• Inflammatory Bowel Disease (IBD) in cats – This disease often causes vomiting, diarrhea, and weight loss. In less severe cases, we can manage the disease using diet and supplements alone. However, in very severe cases, steroids are needed to manage symptoms. I just recently started my own kitty on steroids. I tried using diet, supplements and herbs with no success. He has lost half of his body weight and would have wasted away without medical intervention.
  • Allergic Reactions – If your pet is having an allergic reaction, steroids and antihistamines may be life saving.

Now let’s talk about the downside of steroids:

It is important to understand that if your pet needs to take a short or even a long course of steroids, the side effects are reversible. This is worth repeating. The side effects of steroids are reversible.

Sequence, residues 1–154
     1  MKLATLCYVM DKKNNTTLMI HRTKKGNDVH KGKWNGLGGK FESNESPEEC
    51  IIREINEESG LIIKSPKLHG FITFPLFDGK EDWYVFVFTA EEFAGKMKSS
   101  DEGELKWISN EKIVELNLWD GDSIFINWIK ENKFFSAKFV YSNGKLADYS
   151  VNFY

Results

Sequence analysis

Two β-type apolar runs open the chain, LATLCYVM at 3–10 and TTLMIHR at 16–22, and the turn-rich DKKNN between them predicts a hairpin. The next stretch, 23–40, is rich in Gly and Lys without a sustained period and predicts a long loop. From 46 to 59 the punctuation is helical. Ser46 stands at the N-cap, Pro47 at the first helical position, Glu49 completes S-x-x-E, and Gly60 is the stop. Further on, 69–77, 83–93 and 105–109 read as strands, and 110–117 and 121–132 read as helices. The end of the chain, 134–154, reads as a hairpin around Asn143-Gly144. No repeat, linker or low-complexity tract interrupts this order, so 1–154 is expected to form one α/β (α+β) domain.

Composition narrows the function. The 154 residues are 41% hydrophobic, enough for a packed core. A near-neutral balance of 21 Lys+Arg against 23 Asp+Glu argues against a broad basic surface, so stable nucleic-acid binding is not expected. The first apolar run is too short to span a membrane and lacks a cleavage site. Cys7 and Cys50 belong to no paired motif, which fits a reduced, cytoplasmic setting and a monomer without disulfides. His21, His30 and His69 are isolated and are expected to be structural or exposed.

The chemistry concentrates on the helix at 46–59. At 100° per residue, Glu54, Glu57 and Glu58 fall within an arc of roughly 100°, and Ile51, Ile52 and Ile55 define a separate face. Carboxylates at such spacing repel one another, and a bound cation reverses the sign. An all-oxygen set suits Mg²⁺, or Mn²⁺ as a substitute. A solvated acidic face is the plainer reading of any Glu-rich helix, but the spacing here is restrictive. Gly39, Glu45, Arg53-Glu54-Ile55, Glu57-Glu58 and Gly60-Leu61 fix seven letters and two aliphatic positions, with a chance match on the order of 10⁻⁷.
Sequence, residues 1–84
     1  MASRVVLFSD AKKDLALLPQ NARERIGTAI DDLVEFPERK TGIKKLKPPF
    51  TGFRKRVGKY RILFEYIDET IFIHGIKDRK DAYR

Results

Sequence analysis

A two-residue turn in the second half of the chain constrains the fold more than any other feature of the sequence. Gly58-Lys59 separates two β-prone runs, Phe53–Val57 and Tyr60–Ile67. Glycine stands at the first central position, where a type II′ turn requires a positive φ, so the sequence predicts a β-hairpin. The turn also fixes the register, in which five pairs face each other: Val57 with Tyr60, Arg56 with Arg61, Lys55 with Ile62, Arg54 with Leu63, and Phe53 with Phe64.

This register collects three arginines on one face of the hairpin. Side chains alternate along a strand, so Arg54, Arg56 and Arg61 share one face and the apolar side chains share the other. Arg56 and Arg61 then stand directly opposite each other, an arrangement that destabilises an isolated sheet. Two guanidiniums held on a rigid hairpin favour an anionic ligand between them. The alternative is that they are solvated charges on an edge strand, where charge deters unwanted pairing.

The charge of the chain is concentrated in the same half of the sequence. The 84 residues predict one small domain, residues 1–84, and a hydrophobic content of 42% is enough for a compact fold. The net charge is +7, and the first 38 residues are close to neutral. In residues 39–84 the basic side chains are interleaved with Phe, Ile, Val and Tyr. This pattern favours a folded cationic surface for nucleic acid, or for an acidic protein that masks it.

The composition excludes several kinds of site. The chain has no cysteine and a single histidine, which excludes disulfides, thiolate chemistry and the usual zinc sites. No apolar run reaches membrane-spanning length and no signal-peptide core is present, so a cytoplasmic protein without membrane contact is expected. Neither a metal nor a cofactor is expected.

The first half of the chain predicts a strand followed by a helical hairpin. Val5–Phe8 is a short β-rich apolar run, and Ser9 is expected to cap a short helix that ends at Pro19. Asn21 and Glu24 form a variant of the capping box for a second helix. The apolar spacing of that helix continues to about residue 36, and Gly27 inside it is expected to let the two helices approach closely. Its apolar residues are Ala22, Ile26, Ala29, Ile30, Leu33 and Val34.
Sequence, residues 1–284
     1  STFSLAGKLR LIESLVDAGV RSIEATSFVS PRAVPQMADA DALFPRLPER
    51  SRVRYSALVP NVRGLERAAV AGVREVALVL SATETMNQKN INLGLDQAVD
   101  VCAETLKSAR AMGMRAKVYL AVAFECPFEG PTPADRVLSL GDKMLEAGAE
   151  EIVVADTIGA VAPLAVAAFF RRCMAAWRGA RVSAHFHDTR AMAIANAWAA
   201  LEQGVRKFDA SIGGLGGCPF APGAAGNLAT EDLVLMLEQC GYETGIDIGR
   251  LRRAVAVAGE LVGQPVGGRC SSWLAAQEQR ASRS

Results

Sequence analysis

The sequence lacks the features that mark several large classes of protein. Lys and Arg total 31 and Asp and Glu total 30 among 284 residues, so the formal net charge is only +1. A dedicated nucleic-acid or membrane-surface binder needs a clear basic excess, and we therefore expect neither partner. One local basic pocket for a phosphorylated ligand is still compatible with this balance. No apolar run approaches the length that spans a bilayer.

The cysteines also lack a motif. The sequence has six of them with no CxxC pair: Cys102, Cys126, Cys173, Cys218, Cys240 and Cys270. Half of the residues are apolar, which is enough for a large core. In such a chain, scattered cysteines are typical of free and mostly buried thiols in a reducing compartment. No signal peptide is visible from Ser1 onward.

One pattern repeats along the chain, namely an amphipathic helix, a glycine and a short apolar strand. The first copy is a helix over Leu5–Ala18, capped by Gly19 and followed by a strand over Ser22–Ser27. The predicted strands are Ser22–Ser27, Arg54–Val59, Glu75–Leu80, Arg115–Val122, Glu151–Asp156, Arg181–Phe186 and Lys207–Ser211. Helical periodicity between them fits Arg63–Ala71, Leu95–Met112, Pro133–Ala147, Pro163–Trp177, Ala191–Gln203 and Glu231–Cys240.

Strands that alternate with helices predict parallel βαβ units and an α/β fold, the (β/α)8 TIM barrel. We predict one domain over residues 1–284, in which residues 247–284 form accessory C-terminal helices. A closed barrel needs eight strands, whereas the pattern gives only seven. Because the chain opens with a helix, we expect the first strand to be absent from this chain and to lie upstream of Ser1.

This is why I don’t worry about short courses of small doses and you shouldn’t worry either.

Here are all the reasons why we want to avoid steroids.

  • Your dog might pee in the house – Steroids cause both cats and dogs to drink more and urinate more. It is really important that while on steroids you give your pet access to fresh water at all times. This will help protect their kidneys.
  • Increased appetite – For some animals, steroids can cause a voracious appetite. This is dose dependent and is different for every animal.
  • Behavior changes – Some animals can become cranky, aggressive, or even lethargic on steroids.
  • Stomach/intestinal ulcers – This can be prevented by using antacids to help protect the lining of the stomach and intestines. If your veterinarian prescribes steroids, talk to them about ulcer prevention.
  • Damaging gut flora – Steroids can cause an imbalance in the bacteria in the gut and lead to digestive problems.